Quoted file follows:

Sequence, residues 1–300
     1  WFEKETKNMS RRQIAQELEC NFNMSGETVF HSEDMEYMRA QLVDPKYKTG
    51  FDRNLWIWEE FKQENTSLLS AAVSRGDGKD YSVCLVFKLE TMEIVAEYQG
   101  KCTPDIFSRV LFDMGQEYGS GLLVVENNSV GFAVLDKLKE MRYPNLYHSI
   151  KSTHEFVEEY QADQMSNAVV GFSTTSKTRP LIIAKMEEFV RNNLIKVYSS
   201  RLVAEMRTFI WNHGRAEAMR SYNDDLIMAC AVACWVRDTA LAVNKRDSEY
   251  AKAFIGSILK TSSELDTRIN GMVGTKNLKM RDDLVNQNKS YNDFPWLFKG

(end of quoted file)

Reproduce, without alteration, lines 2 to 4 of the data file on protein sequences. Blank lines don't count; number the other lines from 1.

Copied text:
     1  WFEKETKNMS RRQIAQELEC NFNMSGETVF HSEDMEYMRA QLVDPKYKTG
    51  FDRNLWIWEE FKQENTSLLS AAVSRGDGKD YSVCLVFKLE TMEIVAEYQG
   101  KCTPDIFSRV LFDMGQEYGS GLLVVENNSV GFAVLDKLKE MRYPNLYHSI